‘Borderlands 2′ is definitely full of interesting characters which make the game far more appealing for newcomers who will feel slightly overwhelmed with everything else going on around them. Once you reach a town called ‘Sanctuary’ you can take it easy a little bit and just chat with local NPC’s who have plenty to say and are full of humour which breaks up the monotony of spending the first couple hours of the game just shooting Bullymongs. When you can just relax and fully taken in your surroundings, there is plenty to see. Sanctuary itself has been designed terrifically well, reminding me somewhat of the artistry of ‘Bioshock’, just with the sun beaming through. I could be the only one, but Sanctuary made me want to play ‘Bioshock Infinite’ more than ever. Still, that’s a long way off.
One of the most important aspects of ‘Borderlands 2′ – the series as a whole really – is the four player online co-op. In a nice touch, the game will get tougher depending on how many people are playing at once, although this is balanced out with more XP, rarer items and more money which can be shared. It’s here that sadly the game suffers some annoying moments which you just can’t seem to avoid. When you die – and you will – you respawn but if you’re nowhere near your teammates it’s a mightly slog across areas to reunite with them. It seems odd that this is even an option in 2012, as it seems a very old school decision. Perhaps that was the point but it’s incredibly frustrating to spend sections of your gaming experience literally just walking to catch up with everyone else. It certainly sucks the fun out of a part of the game which is overall rather fun, just not fun enough when you have no choice but to walk for bloody ages just to get back in the action. Another painfully frustrating aspect is in certainly areas of the game, your XP and loot playing co-op in someone else’s campaign, but it doesn’t cross over into your own. In certain missions, there’s the offer to skip past something you have done yet in others it’s not even there. It goes unexplained why some allow this and some don’t.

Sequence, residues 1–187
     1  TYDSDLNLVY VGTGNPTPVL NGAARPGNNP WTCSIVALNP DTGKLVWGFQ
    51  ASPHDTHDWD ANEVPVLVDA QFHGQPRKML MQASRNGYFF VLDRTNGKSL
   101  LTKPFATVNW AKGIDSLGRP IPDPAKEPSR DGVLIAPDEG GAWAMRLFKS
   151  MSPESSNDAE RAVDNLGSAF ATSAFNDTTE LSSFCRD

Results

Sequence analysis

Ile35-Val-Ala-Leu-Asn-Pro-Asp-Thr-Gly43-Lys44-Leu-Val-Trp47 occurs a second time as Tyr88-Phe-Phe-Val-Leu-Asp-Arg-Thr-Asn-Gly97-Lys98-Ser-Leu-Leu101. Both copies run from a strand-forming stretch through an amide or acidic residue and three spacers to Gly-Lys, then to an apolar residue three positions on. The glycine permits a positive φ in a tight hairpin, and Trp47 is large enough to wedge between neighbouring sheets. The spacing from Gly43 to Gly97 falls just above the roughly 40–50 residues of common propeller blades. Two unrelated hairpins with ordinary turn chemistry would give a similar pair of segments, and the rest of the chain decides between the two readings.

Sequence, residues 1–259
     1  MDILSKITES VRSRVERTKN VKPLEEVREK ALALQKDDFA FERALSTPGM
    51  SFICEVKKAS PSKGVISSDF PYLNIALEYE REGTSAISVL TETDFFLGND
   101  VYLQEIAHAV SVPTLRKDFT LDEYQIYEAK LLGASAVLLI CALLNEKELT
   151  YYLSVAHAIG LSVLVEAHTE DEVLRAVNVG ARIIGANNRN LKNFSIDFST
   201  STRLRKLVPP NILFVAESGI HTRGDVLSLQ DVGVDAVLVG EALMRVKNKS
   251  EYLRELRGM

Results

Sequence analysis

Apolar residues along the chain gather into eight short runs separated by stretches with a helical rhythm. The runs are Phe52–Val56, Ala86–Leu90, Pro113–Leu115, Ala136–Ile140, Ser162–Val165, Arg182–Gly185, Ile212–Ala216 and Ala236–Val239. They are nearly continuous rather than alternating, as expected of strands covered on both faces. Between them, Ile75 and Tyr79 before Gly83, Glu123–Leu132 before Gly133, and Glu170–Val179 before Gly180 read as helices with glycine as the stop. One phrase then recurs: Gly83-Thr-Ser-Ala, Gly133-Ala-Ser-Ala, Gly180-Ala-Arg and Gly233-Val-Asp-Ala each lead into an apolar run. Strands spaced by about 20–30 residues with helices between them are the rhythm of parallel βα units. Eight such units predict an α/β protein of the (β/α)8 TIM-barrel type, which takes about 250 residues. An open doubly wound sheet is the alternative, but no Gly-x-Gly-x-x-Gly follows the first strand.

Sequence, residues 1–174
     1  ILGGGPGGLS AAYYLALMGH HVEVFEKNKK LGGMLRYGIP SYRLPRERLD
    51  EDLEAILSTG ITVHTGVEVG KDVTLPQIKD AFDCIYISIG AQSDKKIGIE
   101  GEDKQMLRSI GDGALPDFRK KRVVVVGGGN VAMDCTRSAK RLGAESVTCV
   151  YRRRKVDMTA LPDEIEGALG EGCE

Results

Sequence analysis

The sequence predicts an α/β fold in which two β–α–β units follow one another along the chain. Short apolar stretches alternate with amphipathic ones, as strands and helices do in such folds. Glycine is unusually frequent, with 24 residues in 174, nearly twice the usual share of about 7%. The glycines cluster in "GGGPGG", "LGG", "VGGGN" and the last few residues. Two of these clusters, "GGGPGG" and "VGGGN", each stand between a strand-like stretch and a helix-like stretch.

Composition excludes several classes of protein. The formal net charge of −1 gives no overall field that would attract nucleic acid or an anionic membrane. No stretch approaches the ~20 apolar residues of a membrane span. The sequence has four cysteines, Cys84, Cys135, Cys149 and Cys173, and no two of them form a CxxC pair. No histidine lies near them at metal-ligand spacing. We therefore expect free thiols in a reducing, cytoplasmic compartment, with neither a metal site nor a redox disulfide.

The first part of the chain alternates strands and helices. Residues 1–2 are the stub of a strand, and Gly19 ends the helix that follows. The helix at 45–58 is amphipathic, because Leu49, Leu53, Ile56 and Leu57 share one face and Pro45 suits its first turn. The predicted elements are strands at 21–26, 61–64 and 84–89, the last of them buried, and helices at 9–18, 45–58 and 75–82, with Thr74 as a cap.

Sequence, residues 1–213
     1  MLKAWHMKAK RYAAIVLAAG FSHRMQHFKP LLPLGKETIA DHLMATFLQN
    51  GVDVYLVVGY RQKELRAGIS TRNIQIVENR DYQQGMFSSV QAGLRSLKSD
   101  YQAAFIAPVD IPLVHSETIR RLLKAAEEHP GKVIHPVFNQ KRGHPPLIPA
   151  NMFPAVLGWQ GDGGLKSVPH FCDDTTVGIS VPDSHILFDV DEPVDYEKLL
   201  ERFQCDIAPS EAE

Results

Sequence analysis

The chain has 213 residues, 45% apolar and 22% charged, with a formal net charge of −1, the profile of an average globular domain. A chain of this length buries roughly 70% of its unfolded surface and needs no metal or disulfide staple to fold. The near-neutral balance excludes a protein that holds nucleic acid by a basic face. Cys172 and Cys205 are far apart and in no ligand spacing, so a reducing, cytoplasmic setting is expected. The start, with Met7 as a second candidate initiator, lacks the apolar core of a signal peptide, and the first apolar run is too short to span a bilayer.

Essentially ‘Borderlands 2′ comes down to this. You see, for everything that was fun and exciting about the original, ‘Borderlands 2′ throws up the same. It’s balls to the wall, unadulterated rock’n’roll gaming with little to no equal in its own twisted interpretation of the genre. But so was the first. That’s the thing, as top as it is you don’t feel like you’re playing a game that has progressed an awful lot. Hardcore players may disagree, and I consider myself to be in that category as I thoroughly enjoyed the original but I can’t find anything in this game which gives me that same excitement ‘Borderlands’ did. It’s frustrating because there is plenty to enjoy here, and if you were a fan of the original then by all means jump into your nearest retailer and pick it up immediately, you’ll have a ball. However if you’re on the fence and going by word of mouth, just be prepared. The game is exceedingly huge, and you’ll notice as you go on how unnecessary this is. As you progress you’ll find yourself twiddling your thumbs waiting for something to happen. It doesn’t really seem to progress at a speed which keeps up with the momentum of the game, and at times can bring your attention and buzz about cracking on with the game to a grinding halt. If you’re gonna do everything, and I mean everything – there’s an awful lot to get through. Including some side missions that seem irrelevant to everything, save some which connect rather nearly to the overall arc – you’re looking at around about 50 hours, be warned though a stupidly large chunk of that is just walking from A-B, making the game feel like a real slog.
In a game that has certainly out-done its predecessor in terms of epicness, it just doesn’t have the same heart. This is a title just for the hardcore fans, offering very little to anyone else.